Feature: 10 Important Questions You Should Be Asking Your Physician

61ONssbT0IL._SX332_BO1,204,203,200_Not too long ago I had the opportunity to score a feature story with Dr. Kevin Haselhorstauthor of Wish to Die Foras well as Emergency Physician. It seems pretty clear that he’s a clever man.  His passion is to help patients understand the questions they should be asking at any relative stage when you visit your physician, particuarlarly leaning towards an emergency situation.  Yet if you read the book you realize that everything he says is  relative to everything you should be asking anyway.  It is always nice to be prepared in the back of your mind and know the right thing to say when you’re in a wrong moment.

When I was initially diagnosed with cancer, we did not have any direction from our Doctors or the hospitals I was treated at.  Without having any guidance on what the next stages were and where we were supposed to go from there,  we often felt that we were out there on a lonely island, constantly wondering what was next or if we were taking the right steps and moving in the right direction. We of course had never been through anything of the sort. As my journey continues, my passion is to spread awareness and if this post reaches even one person and helps them, then that will be a blessing.

Dr. Haselhorst’s passion is preparing and making us aware of the questions we should be seeking, if we or anyone we care about are put in an unfortunate  situatuon.  Please read Dr Hasthorst’s feature below:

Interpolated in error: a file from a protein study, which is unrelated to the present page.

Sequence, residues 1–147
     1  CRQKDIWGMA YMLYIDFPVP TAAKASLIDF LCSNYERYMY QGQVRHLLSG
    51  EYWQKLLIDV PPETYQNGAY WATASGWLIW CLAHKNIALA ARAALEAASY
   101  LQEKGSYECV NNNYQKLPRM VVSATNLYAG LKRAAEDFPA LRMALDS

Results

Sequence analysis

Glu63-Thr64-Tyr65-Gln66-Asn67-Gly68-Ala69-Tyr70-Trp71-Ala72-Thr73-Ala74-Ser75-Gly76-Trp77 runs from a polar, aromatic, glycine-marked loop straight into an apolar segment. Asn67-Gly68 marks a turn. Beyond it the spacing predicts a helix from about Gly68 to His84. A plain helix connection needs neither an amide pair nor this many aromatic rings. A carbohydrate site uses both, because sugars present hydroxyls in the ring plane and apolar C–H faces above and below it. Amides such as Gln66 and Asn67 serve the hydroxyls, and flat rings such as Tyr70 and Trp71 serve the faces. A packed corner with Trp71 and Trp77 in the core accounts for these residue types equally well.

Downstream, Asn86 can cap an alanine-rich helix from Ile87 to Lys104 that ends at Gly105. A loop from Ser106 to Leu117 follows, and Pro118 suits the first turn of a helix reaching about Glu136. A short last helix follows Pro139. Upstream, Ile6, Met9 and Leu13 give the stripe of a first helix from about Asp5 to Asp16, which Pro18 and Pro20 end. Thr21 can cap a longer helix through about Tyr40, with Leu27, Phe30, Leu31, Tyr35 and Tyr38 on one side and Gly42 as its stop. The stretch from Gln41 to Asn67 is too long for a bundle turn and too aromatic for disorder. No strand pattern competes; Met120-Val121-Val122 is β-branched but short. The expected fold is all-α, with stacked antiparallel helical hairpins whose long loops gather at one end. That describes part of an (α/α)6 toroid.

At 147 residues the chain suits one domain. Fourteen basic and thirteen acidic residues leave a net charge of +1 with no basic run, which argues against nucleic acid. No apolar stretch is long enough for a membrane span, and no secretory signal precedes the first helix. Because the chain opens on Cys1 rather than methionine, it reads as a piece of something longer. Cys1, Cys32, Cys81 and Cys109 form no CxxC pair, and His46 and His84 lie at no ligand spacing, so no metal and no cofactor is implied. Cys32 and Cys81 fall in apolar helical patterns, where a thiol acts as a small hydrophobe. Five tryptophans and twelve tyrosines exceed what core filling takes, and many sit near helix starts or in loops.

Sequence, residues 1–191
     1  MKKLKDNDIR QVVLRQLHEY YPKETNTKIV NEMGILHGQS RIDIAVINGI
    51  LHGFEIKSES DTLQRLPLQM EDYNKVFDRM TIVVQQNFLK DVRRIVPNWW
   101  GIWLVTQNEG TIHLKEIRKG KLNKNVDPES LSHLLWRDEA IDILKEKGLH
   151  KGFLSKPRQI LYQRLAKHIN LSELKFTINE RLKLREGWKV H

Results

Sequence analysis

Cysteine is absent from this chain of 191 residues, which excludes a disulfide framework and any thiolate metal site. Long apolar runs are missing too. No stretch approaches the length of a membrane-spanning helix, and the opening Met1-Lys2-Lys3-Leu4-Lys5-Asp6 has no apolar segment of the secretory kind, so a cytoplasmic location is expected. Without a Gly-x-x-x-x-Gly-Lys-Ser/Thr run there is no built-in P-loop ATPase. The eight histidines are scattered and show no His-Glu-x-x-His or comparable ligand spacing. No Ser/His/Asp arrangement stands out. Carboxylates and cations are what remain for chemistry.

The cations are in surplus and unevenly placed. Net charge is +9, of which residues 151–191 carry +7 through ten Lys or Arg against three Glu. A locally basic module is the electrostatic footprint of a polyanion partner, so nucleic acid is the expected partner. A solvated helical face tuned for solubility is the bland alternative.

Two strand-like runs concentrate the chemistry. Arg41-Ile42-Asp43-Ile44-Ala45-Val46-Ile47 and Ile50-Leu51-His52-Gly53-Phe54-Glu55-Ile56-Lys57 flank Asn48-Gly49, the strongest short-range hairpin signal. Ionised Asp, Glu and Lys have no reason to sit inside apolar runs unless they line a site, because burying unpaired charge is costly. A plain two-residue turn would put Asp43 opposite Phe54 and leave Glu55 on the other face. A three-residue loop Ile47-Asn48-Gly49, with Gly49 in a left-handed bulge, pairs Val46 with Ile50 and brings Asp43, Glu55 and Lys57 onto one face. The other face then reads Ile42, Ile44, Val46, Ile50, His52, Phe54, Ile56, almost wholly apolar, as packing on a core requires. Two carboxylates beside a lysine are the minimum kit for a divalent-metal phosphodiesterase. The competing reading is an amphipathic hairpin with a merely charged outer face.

10 Important Questions Patients Never But Should Always Ask Physicians 

Patients often find it difficult to talk to physicians when they don’t particularly feel well. They tend to lack self-respect in these situations, failing to speak up for themselves. Naturally, this sentiment reflects upon physicians who are seen as not treating patients with dignity. Dignity implies self-confidence and certainty, rarely afforded to patients. Patients are mostly discounted in the decision-making process because they are not asking the right questions at the right time.

Emergency Medicine physician, Kevin Haselhorst, author of the book Wishes To Die For, firmly believes that patients have to be more proactive in their life-and-death decisions by asking pertinent questions and becoming informed. He encourages people to complete advance care directives to alleviate undue suffering at the end of life. But most patients don’t know what to wish for when life takes a turn for the worse since they rarely know what is being asked of them.